I’ll admit it, Saturday, I slept in, and really didn’t do much of anything other then take pictures for my sister. So when I awoke Sunday, I was rearing to go, and not in the mood to sit around. I got up and out early enough to catch the morning sun, finishing up with it’s daily burn off of the nights fog. You can still see some of the once all-encompassing cloud by the foot of the hills.
In the afternoon Sandy and Davie came over, and we finished harvesting the onions, and learned it’s a bit late in the season for them. Some of the Onion bulbs had begun to rot. Next year I’ll make it a point to finish picking them by the beginning or middle of August.
The string beans have collapsed half of the stick constructed trellis I made for them, and the beans shown are only about a third of the crop. Also shown are Okra, my least favorite garden food. The plants grew very well, and produced a healthy offering of seed pods.
The little Gardener’s Watermelons are just starting to ripen up. My sister Sandy discovered a great rule of thumb to tell when a melon is ripe: It’s ripe when the little worms and bugs just start to nibble a bit at the outer shell. Once they know it’s ripe, we should know it’s ripe. I also made it a point to show the 4 year old gardener that started these plants what he accomplished. When I asked him if he would do it again next year he said “No”, I replied “Why not ?”, to which he said “It takes tooooo long”. I guess the lack of instant gratification is a symbol of ones age.
At the end of the day, I decided to plant the Garlic a few weeks early. Garlic should be started early enough to give the plants time to build a basic set of roots before freezing temps set in. I’m hoping the early planting helps them grow nice big cloves. I’ve added several things to this soil to help out the plants, including bio-char and peat moss.
My niece Jennifer can be a bit of a trickster, so when her and Jessica informed me that a space ship landed in my corn and made a crop circle, I took the news with a grain of salt and didn’t believe them. They insisted that I go look, and I was waiting for one of their friends to come jumping out from the corn in an elaborate attempt to startle me.
What I found was not other worldly, nor in the shape of a circle, but it surely was worth pondering about. Several areas of corn plants the size of a decent living room had been knocked over. Many of the ears of corn in this section of the garden were not yet ready for picking, and would be lost. It’s not a big problem, as we got carried away and planted way too many rows of corn, but I am left wondering who or what did this ?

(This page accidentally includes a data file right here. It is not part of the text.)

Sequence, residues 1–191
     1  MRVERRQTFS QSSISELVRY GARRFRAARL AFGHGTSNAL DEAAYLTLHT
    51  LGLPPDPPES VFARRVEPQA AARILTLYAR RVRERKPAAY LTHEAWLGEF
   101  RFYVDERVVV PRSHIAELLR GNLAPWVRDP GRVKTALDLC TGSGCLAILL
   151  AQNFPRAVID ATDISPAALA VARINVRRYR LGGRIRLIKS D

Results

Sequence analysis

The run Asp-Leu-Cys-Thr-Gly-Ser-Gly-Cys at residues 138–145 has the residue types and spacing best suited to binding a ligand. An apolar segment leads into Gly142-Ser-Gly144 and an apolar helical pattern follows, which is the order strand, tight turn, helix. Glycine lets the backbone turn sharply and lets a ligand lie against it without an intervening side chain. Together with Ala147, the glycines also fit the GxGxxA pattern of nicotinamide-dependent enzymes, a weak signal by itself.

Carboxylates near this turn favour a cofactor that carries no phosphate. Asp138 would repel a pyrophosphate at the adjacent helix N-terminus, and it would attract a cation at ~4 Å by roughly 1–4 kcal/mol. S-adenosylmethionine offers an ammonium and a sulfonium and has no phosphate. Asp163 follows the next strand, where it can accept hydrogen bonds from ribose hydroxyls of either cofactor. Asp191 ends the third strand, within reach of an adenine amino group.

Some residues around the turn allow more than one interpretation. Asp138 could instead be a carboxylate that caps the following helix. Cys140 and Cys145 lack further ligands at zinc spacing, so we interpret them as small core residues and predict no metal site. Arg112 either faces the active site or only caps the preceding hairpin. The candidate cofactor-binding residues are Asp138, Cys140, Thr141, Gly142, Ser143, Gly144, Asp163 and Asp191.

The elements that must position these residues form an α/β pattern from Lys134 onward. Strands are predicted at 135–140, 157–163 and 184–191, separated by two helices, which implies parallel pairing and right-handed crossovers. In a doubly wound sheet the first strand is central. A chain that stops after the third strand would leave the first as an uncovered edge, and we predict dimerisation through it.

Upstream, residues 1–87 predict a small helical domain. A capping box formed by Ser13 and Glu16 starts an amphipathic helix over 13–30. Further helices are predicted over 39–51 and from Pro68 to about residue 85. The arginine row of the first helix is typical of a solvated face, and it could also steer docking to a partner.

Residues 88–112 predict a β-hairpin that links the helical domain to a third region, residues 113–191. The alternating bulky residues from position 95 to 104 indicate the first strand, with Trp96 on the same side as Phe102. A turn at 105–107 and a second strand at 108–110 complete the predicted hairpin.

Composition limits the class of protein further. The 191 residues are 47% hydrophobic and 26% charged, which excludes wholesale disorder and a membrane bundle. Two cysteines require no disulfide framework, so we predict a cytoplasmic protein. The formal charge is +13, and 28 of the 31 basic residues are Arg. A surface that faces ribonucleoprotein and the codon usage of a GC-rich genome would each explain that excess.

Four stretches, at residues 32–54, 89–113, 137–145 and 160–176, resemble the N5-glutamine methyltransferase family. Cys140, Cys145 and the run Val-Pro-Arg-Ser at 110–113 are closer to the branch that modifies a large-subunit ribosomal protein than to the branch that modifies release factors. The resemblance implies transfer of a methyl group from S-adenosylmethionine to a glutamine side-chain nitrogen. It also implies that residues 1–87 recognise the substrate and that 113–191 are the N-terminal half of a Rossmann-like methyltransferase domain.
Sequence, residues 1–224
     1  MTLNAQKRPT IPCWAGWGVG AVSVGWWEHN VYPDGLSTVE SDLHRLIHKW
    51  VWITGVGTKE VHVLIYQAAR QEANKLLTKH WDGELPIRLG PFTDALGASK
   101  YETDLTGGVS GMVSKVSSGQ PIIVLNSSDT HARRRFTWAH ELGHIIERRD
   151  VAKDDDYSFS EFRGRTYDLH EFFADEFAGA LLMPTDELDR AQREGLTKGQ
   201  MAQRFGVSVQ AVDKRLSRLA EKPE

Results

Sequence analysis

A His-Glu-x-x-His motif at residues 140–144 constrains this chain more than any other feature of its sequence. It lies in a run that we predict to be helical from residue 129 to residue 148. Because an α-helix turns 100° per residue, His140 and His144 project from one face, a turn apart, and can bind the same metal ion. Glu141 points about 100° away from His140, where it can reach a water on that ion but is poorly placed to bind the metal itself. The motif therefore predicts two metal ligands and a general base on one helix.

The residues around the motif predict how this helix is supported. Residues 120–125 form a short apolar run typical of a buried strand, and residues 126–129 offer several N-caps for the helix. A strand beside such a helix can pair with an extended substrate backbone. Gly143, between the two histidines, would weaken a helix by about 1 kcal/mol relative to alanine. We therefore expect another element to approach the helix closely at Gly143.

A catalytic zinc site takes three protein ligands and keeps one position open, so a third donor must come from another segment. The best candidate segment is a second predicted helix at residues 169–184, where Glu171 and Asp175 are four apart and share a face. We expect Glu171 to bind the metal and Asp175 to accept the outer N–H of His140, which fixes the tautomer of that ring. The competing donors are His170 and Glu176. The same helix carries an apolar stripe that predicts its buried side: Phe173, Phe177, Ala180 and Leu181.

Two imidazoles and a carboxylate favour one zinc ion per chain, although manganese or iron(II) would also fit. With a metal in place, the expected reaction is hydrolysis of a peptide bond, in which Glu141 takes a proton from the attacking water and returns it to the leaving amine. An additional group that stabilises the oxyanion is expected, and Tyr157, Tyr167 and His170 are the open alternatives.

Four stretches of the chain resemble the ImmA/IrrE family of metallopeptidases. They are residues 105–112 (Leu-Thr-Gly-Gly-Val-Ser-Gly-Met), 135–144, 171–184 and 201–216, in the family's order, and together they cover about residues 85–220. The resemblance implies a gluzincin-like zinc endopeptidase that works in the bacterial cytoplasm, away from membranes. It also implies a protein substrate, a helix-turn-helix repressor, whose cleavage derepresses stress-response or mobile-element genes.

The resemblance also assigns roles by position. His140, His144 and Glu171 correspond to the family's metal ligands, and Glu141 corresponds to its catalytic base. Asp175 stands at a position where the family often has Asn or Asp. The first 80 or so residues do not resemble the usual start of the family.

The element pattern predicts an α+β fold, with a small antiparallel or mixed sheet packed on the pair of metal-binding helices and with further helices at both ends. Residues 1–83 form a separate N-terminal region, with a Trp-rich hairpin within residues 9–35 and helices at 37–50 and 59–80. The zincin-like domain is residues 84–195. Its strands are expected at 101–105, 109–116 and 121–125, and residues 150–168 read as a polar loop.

The damage seemed to flow in from the top of the garden, meandering back and forth, and finally exitting near the right edge of the garden. I imagine the only animal large enough to do this would be a bear, or a group of deer bedding down for the night. I couldn’t find any paw or hoof marks, so I’m left wondering: Could wind do this ?
It’s not all bad though, I’ve informed Jenny that she can feed the stalks and underdeveloped corn to her goat, and she smilled from ear to ear. She’s been thinking about getting five more goats, and this would be the supply of food to feed them till she has her mother take her to buy more feed. We’ve surely planted enough for all, even the animals.
Turnips are very easy to grow, and I’ve always had great success with them, sometimes even more success then I planned. I imagine the word turnip was derived from or caused the use of the expression “whatever turns up”; because they grow all over the place, turning up all over the garden as volunteers. I’m not a big fan of this vegetable cooked, but raw it is quite good. I like to shred this veggy with carrots, and radishes and mix it up in a salad.
The kohlrabi is a bit small for this time of year, and I’ve been watering it every few days with the fall planted cucumbers. Kohlrabi has exceptional health benefits, and it’s taste is pretty good. I’ve also found out that it is sometimes referred to as “Space Cabbage”, seems fitting to me.
I’ve also dug up some of the carrots to see how they are progressing. I’ve tried simply pulling a few out of the ground by their leaves, but they always seemed to snap off at the base of the stem, so I used a pitch fork to prod the dirt. When snapping the photo, I found a water bottle sitting on the produce stand, and added it to show size.